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Join Date: Jun 2009
Location: Northern Berks County, PA
Re: loading for an 03A3 .3006
NO, repeat, NO 1903A3 rifles had any heat treat issues. They were made after that was rectified.
The 800,000 number is the cutoff for Springfield arsenal manufactured M1903 rifles. Rock Island Arsenal also made M1903's, and their cutoff is a different number. I think it's around 285,000, if memory serves. No 1903A3 needs to be considered unsafe be virtue of the heat treating it received.
The 1903A3 was also made by Remington and Smith-Corona, never made by Springfield or Rock Island, and the heat treatment issue, anecdotally, seems to be more prevalent in rifles made during or shortly before the US' entrance into WW1. Prior to that, experienced craftsmen could observe the color of the steel to know it was the proper temperature.
During ramped up war-time production, new employees didn't have the time to get that experience, plus it was reported that open windows made it that the weather (cloudy or sunny) influenced how the color of the steel was seen and mean the steel could be "overcooked" or "burned", making it brittle.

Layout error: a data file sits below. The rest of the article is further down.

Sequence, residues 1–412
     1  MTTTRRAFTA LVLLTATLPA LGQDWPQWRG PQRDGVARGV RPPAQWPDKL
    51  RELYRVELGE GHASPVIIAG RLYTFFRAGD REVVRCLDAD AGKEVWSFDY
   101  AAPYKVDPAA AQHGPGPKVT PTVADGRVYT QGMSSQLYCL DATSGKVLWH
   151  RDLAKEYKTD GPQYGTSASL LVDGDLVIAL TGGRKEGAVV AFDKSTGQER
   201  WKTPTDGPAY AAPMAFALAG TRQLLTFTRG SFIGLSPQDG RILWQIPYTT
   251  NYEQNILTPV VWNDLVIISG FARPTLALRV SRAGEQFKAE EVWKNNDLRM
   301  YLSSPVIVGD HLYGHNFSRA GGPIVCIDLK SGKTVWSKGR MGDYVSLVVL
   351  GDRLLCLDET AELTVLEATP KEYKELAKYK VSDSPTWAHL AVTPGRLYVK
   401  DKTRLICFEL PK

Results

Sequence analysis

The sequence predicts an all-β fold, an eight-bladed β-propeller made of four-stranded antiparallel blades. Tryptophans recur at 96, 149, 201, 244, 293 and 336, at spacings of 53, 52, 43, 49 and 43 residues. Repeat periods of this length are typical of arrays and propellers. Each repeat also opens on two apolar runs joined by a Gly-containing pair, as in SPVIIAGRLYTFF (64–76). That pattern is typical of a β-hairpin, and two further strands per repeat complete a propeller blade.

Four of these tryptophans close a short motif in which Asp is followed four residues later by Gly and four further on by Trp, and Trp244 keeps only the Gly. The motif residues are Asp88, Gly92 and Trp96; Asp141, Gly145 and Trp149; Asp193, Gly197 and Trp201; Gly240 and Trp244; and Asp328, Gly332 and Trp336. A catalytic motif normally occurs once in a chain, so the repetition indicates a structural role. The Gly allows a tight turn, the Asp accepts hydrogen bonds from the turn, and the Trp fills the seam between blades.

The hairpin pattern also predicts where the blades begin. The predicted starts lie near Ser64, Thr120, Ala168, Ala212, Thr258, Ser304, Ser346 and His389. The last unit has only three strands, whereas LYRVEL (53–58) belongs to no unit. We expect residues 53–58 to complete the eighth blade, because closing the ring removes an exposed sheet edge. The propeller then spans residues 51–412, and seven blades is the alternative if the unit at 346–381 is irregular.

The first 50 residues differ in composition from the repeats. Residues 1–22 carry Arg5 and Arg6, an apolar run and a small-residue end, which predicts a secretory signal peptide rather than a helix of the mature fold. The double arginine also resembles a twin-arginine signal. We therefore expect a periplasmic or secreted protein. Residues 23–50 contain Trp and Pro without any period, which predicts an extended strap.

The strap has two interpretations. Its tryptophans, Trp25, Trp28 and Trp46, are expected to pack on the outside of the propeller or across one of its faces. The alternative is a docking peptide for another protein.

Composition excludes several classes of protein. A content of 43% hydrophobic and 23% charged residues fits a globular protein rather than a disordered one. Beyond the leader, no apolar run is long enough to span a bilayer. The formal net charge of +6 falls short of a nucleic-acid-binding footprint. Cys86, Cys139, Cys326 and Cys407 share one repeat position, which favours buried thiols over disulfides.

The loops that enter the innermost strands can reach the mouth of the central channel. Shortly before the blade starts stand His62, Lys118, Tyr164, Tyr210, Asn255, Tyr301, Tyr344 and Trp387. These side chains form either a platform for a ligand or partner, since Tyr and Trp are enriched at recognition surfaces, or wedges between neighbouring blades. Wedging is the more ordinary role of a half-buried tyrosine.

Interestingly, the USMC was short on funds for rifles as WWII came to the US, and the proofed and reissued "low number" M1903's with 80,000PSI proof loads. Those old rifles were retained and used in combat right up to and including Guadalcanal.
Again, this was ONLY in Springfield-made rifles under S/N 800,000 or Rock Island-made rifles under S/N 285,000 (roughly). NO 1903A3 rifles are affected by this.
I have shot Hornady light magnum ammo in my "high number" Rock Island M1903 with good results.
For handloading, I used a Hornady 150gr SP Interlock on top of 51.5gr of IMR4064 with good results on my 1903A3.